Trumpeter, Doctor and Top African American Figure Skater Looks Back in New PBS Flick

Dr. Eddie Henderson looks back on his accomplished life in a new documentary, entitled “Uncommon Genius” to air on PBS during Black History Month.

| 29 Jan 2024 | 11:30

At 83, Dr. Eddie Henderson has achieved so much, that his future plans are to “keep doing what I’m doing,” he said. “Everything has been going along in my life so seamlessly.”

Henderson, who grew up in the Bronx and attended P.S. 78, reflects on his multiple careers as a trumpeter, figure skater and doctor in the new PBS documentary “Dr. Eddie Henderson: Uncommon Genius,” which premieres on Feb. 7 at Smoke Jazz & Supper Club.

His mother was a dancer at the Cotton Club and father, a singer in the Charioteers, the number one black singing group in America in the 1940s.

When he was in the fifth grade, his mom took him to see Louis Armsttong perform at the Apollo Theater. “He showed me how to make a sound on his trumpet and since my uncle had a trumpet, he gave it to me and that’s how that started,” he said. After his mother remarried and he moved to San Francisco, his stepfather introduced him to figure skating, and he fell in love with the sport and pursued that path as well. “But I ran into so much racism, I told myself, ‘I have to get out of here and go back to school and get an education. I might as well be a doctor,’” he recalled.

After a stint in the Air Force, he enrolled in medical school, to spite his doubting stepfather, who was a doctor, and became a psychiatrist, because the on-call schedule for that medical specialty gave him a chance to play the trumpet. His big break came while he was doing his residency, and ran into Herbie Hancock, who was in need of a trumpet player. “So I asked him, I said, ‘Herbie, I would really like to be in your band.’ He said, ‘But you’re a doctor.’ I said, ‘I will always be a doctor. I have my license. They cannot take this away. But this is a grand opportunity to do what I really love,’” Henderson explained. “He thought for about two seconds and just said, ‘OK.’ And I left the residency, moved back to New York and from that point on, it’s been all music.”

When the now-Westchester resident isn’t on tour with his quintet or traveling the world with his wife, he is teaching music at Oberlin Conservatory of Music in Ohio.

How did the documentary come about? Did PBS contact you?

A good friend of mine, Mark Rabideau, who’s the producer of this film and the head of the music department at Colorado University and Michelle Carpenter, who’s the head of the film department, collaborated. And Mark knew my whole story about the three trajectories in my life and they thought that would be a good story. Mark’s been talking about it for years with me, so he just got an opportunity when he met Michelle; she’s won five Emmy Awards for her films already.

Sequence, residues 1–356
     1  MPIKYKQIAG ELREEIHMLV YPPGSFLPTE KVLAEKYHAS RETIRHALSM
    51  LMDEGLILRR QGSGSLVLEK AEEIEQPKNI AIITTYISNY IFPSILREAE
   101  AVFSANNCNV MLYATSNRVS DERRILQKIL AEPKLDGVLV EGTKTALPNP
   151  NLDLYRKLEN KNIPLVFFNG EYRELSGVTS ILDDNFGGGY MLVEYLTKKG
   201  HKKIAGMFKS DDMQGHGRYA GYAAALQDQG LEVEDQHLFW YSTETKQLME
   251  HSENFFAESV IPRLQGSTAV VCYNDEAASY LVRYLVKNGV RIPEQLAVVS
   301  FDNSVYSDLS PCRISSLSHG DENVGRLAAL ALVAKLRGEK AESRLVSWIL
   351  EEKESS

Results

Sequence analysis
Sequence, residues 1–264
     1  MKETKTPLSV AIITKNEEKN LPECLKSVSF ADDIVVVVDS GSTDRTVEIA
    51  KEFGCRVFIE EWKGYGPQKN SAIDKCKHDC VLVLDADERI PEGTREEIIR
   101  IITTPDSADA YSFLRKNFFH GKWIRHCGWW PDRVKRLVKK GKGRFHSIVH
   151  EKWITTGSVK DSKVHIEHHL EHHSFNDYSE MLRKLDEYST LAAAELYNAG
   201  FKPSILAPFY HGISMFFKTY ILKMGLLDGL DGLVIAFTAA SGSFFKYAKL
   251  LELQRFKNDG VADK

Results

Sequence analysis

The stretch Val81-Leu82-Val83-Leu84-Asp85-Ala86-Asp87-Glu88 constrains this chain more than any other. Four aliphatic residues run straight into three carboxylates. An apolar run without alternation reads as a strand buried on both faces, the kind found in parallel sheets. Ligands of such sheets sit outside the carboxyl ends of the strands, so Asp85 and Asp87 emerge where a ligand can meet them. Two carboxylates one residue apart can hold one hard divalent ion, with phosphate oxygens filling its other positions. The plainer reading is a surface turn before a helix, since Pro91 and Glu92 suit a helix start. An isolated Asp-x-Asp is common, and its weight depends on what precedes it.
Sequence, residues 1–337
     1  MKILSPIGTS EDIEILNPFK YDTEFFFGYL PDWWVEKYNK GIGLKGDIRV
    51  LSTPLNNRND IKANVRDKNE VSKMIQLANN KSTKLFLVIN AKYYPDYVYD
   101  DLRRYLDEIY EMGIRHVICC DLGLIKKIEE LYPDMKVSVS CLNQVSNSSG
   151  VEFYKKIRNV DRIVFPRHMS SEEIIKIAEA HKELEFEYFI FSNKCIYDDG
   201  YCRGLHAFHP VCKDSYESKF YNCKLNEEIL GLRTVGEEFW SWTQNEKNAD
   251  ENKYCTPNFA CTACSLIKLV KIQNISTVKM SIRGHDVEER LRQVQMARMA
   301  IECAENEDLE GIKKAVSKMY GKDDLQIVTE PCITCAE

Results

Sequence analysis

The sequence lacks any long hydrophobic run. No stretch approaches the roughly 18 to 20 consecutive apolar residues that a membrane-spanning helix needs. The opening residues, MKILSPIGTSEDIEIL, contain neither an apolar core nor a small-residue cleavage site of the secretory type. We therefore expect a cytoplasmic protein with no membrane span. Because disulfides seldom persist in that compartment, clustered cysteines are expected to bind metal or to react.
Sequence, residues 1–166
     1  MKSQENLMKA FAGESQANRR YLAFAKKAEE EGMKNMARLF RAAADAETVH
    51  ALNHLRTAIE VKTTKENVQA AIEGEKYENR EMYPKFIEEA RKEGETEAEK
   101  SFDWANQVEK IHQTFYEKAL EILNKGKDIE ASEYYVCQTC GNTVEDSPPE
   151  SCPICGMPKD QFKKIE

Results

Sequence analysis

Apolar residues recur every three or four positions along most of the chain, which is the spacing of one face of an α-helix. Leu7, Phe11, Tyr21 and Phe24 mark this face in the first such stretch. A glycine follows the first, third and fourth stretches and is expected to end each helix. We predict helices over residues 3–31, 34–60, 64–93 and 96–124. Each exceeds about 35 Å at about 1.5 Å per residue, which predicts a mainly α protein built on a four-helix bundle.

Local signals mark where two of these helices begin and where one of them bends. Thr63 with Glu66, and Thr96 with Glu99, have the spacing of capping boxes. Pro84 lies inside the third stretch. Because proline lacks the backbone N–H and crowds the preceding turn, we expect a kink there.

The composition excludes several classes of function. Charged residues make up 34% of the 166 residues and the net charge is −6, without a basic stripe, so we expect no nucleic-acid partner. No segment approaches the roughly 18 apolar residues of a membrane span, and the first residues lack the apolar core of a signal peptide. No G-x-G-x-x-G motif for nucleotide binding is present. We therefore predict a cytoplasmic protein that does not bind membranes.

When you were young, you lived in Los Angeles because of your dad’s job.

His singing group was on “The Bing Crosby Show” five days a week during the time when I was in nursery school, first grade and second grade. So my family moved out there then, and when that stint was over, we all moved back to New York City to the family home in the northeast Bronx.

How did you wind up playing the trumpet?

When I was in the fifth grade, there was a musical aptitude test, and so my best friend, he played clarinet, so of course, I wanted to play the clarinet also. But they ran out of clarinets, so all they had left were the accordion and violin, which I did not want to do. But ironically, my mother’s brother had a trumpet, because he played the trumpet, he was one of the Cotton Club’s boy dancers. The whole family was in show business. But the way I started playing the trumpet is my mother took me down to hear Louis Armstrong and took me backstage to meet him. I was in the fifth grade, I had never touched an instrument before.

Where did you take lessons?

In the Bronx, a block away from my house, Vinny Roberts Music School. I had an excellent trumpet teacher. I took one lesson every week, from fifth grade through the eighth grade, so I learned all my technique there. Then, after that, my family moved to San Francisco and I started studying classical music at the San Francisco Conservatory of Music.

After a year of playing the trumpet, you went back to see Armstrong.